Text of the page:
So with all of these different posts and studies what would be the best wavelength for each light (red, infra-red, and yellow)?

Edit:

I figured it would be worth it to mention that I spoke with Dr. Fernandes and he said that he has used the 633nm red and the 830nm infra-red.

Edited by Pord, 28 February 2012 - 03:31 PM.


#11 rimram

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Posted 28 February 2012 - 04:02 PM

So with all of these different posts and studies what would be the best wavelength for each light (red, infra-red, and yellow)?

Edit:

I figured it would be worth it to mention that I spoke with Dr. Fernandes and he said that he has used the 633nm red and the 830nm infra-red.


The short answer to this is that no one really knows at this point. You have to consider that there are many different photoacceptors that may or may not influence the cells in different ways. If you're willing to dig deep, I'd suggest that you look up some of the work done by Tiina Karu, who is the leading researcher in LLLT, as it seems. She has done some interesting action spectra studies on cell cultures of HeLa cells that should be applicable to any other human cell line as well.

I do not believe yellow light to be very effective. While it is true that there once was a medical device, "GentleWaves," that used 590 nm diodes, there is not much proof of its efficacy. There are a few studies based on this device (e.g. the one Nyssa linked,) but all of them afaik are based on self-assesment tests, which is far from any valid, scientific proof. The problem with wavelengths below 600 nm is that they will be absorbed heavily by oxyhemoglobin. This may cause superficial heating and some swelling, thus giving a false impression of that it "works," but does in fact do little on a cellular level. The fluences used in the GentleWaves studies are also very low (0.1 J/cm2 or less.) The company that made the GentleWaves is now defunct, which IMO says something about its efficacy.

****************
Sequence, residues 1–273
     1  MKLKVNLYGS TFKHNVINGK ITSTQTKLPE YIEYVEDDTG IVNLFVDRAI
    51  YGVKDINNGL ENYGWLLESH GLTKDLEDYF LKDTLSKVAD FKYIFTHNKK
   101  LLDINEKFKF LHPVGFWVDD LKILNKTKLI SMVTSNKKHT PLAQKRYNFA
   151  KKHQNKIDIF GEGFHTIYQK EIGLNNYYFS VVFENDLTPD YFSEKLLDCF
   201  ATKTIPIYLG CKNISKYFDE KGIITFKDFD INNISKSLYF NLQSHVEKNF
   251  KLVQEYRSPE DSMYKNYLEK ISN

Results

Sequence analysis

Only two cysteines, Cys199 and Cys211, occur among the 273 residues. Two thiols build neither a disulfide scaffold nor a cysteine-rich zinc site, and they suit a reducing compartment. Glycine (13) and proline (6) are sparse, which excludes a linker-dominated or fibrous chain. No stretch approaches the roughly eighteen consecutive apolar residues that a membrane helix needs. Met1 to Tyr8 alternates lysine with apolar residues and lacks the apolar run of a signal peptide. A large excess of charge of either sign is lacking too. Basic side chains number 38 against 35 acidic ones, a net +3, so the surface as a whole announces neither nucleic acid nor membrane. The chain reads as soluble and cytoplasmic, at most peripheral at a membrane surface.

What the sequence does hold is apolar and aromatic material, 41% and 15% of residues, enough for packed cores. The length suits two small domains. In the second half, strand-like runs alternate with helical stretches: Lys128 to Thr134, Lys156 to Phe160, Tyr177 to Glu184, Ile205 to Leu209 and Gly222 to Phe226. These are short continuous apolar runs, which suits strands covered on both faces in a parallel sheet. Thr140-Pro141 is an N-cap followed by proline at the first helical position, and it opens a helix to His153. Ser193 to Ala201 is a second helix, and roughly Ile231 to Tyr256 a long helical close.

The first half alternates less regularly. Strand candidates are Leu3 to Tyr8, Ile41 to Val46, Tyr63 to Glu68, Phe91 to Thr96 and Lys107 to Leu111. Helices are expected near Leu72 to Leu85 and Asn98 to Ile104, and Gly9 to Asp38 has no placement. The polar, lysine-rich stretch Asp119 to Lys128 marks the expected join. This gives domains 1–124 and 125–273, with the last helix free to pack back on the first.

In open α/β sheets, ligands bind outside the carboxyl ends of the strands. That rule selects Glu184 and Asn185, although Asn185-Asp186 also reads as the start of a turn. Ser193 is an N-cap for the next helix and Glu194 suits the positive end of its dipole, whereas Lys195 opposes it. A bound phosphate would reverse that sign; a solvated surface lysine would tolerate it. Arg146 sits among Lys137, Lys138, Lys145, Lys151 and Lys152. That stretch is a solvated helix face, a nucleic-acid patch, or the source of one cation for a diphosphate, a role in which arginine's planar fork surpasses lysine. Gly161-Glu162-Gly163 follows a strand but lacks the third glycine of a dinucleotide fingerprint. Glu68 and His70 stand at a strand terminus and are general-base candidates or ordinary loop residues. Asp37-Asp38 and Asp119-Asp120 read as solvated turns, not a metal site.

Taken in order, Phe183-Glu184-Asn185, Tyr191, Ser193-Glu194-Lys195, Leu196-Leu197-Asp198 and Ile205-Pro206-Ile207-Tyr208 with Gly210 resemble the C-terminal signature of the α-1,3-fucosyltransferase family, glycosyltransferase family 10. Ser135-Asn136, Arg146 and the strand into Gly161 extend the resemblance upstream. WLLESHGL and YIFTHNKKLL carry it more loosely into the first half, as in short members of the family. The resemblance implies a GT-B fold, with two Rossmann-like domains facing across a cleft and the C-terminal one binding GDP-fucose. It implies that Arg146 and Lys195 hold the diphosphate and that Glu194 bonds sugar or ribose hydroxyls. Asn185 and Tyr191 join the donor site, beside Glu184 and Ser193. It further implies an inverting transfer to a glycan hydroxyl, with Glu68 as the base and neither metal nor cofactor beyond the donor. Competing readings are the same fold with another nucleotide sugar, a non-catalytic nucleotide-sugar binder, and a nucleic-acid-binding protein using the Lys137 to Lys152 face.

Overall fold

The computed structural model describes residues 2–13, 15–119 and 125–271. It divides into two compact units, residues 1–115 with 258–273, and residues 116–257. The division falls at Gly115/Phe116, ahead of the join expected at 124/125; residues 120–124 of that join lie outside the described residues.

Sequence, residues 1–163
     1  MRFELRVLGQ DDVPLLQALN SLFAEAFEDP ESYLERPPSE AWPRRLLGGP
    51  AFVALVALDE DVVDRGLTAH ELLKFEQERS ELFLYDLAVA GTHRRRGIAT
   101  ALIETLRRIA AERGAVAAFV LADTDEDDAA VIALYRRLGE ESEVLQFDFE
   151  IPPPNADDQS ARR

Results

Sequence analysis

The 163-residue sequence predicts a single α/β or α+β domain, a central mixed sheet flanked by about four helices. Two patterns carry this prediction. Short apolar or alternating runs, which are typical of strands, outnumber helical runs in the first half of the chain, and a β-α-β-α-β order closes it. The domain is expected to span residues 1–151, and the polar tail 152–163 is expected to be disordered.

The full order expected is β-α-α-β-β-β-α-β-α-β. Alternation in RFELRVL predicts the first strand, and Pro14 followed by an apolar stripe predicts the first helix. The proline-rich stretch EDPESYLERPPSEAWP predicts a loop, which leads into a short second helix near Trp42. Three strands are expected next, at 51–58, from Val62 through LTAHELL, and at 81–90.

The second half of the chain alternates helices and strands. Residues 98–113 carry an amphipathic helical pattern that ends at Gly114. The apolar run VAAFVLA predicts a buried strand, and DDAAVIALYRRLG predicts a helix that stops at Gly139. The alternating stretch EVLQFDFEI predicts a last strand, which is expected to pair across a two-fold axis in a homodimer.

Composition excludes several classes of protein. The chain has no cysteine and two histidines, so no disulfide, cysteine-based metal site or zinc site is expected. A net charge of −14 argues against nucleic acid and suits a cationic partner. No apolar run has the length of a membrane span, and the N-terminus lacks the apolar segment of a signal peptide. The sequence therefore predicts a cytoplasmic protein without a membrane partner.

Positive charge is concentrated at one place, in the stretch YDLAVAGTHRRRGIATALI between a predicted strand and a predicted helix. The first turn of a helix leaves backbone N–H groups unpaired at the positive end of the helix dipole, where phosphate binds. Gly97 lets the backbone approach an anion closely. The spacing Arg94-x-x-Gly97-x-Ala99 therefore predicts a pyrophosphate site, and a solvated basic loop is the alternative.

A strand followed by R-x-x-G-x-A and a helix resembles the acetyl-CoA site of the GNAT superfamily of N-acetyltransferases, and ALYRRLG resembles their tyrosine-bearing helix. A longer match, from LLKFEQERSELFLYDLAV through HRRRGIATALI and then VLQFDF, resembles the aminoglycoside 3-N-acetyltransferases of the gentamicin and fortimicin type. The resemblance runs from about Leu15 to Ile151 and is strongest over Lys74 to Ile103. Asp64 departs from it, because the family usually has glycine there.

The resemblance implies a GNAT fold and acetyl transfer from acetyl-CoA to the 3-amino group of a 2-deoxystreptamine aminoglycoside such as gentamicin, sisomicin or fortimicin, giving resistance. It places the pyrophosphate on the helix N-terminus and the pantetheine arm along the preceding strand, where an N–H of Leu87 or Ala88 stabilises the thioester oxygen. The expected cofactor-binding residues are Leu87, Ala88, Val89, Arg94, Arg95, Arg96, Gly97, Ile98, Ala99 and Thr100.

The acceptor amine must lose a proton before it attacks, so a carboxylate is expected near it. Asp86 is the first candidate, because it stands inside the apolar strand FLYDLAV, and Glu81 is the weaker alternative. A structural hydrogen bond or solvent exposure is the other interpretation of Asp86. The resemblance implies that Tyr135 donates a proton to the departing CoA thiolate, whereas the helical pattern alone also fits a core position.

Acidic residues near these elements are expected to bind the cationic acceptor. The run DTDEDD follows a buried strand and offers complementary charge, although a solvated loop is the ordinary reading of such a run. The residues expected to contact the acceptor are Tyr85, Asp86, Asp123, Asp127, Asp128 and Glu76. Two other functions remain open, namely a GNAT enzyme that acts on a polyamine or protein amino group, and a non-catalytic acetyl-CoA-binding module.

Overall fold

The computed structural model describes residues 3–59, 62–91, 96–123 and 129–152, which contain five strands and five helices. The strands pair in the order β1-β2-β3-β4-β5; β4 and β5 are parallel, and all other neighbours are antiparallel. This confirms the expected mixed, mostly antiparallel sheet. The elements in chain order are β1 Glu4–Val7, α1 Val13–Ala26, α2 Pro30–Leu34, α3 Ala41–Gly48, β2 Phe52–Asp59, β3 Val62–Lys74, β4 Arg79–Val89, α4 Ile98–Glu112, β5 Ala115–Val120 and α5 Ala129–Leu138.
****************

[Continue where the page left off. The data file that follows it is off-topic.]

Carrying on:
Your doc probably uses the Omnilux system. 633 nm is not optimal if you look at Karu's action spectra, but it is a wavelength that has much backing in scientific studies from the early discoveries of the beneficial effects of the HeNe laser running at 632.8 nm.

#12 DudleyDoRight

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Posted 28 February 2012 - 08:40 PM


i don't belive that led light alone will make something to scars,but when combined with derma roller,needling, and some topicals like vitamin c,copper peptides and peels,i think here it will speed healing and absorb products by good way..


Do you have any studies to back that up?


A good skeptic, you are!

#13 pursuit of happyness

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Posted 28 February 2012 - 08:46 PM



i don't belive that led light alone will make something to scars,but when combined with derma roller,needling, and some topicals like vitamin c,copper peptides and peels,i think here it will speed healing and absorb products by good way..


Do you have any studies to back that up?


A good skeptic, you are!

what u mean by that?

#14 DudleyDoRight

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Posted 29 February 2012 - 06:05 AM

You just expressed your opinion, and that is fine, but many produce statements based solely on anecdotal evidence that influences others for or against treatments that could help or harm them.

#15 Pord

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Posted 29 February 2012 - 07:58 AM



i don't belive that led light alone will make something to scars,but when combined with derma roller,needling, and some topicals like vitamin c,copper peptides and peels,i think here it will speed healing and absorb products by good way..